Alan Tanabe/ March 6, 2019/ Uncategorized/ 0 comments

According to data from an international health policy survey, in 2016 approximately 45 million Americans reported not filling prescription medications due to concerns regarding the cost. In addition, in 2016 Americans are estimated to have spent $477 billion on retail prescription drugs, accounting for approximately 17% of total personal health expenditures (including physician services, hospital care, and other health-related costs). If the cost of some of your medications has been a concern for you, you are certainly not alone.

 

Why are my prescription medications so expensive?
First, I will not bore you with detailed explanations regarding the amount of money that drug manufacturers spend between research and development of a potential new drug, and their respective clinical trials with hopes that maybe it will approved by the Food and Drug Administration to be marketed for use. Instead, I am going to focus specifically how you may personally experience sticker shock when being informed of the cost of your medication(s). Here are some very common reasons why you may experience this:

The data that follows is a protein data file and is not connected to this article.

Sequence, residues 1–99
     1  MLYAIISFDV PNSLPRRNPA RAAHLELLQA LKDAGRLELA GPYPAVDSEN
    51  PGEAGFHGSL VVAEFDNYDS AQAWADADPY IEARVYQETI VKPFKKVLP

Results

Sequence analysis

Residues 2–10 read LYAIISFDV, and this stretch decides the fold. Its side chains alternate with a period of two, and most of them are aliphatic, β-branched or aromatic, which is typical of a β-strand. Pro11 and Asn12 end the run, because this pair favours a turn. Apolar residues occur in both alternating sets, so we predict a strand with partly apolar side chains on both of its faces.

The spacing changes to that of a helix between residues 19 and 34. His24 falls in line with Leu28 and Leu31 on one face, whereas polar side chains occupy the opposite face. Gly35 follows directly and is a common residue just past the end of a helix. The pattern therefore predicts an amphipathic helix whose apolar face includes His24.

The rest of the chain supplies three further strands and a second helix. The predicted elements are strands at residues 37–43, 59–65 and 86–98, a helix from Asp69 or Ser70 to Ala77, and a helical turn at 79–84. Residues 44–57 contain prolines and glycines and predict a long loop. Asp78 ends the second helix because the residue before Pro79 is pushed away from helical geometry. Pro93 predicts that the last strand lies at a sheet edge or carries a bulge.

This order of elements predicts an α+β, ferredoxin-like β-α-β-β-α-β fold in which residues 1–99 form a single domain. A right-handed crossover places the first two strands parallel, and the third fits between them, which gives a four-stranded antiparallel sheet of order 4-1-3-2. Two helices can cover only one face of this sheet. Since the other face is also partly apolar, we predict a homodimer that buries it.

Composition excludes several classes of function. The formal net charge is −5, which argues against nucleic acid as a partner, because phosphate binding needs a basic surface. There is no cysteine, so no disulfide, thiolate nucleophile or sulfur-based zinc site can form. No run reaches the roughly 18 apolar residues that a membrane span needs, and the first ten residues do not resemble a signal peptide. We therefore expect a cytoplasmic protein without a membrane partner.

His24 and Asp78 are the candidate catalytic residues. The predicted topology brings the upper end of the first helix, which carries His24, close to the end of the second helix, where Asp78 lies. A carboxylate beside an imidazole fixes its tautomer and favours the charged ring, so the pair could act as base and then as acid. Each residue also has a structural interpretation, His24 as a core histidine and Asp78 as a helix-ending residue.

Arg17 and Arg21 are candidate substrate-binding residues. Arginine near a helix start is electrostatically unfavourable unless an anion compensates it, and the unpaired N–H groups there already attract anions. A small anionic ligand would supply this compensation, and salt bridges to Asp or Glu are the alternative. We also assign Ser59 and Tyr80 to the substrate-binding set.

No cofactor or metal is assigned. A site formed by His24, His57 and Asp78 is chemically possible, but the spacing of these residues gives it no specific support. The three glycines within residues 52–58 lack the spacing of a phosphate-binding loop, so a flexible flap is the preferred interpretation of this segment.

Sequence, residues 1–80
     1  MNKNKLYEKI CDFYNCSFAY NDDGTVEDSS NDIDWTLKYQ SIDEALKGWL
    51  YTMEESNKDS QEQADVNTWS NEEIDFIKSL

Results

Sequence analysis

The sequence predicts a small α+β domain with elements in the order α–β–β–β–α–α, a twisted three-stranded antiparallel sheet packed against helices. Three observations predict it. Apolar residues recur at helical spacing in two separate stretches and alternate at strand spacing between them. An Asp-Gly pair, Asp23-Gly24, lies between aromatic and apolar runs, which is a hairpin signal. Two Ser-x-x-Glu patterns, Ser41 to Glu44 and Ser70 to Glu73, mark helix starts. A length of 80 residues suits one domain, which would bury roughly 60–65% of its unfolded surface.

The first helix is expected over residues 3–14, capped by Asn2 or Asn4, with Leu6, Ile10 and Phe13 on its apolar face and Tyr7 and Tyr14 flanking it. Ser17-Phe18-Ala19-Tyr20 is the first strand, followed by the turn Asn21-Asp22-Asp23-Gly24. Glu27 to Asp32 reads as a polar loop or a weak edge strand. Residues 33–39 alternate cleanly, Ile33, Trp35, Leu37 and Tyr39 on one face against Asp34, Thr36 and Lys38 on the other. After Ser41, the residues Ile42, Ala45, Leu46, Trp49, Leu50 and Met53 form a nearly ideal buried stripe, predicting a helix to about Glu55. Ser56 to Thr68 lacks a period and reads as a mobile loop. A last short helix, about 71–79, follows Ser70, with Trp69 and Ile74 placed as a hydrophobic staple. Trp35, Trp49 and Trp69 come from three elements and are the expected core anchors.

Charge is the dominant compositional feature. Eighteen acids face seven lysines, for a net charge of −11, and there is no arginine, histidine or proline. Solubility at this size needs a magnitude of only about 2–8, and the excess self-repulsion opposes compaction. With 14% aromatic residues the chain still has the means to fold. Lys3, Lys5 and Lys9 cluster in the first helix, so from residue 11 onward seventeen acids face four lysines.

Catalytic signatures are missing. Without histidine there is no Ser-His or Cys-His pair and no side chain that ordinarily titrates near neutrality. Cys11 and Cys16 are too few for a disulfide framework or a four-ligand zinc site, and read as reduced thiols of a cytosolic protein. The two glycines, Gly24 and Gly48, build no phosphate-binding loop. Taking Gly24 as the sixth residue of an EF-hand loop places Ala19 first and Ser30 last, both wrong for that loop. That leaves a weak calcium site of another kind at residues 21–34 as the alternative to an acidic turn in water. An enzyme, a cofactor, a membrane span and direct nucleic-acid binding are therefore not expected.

1. Your insurance plan may have a high deductible. Many insurance plans include a deductible, which translates to you being required to cover a certain amount of out-of-pocket costs before your plan covers the majority of the expenses. For example, some plans may require a policy holder to cover the first $500 to $3,000 of their health-related expenses before seeing their medications covered with a set copay.
2. Medicare D prescription plans and the “Donut Hole.” This is a term used to refer to a gap in coverage once a patient has reach a set combined prescription cost for the year, therefore making the patient responsible for covering a greater percentage of the cost of medications. For more information about the “Donut Hole” see our  article from November 2018!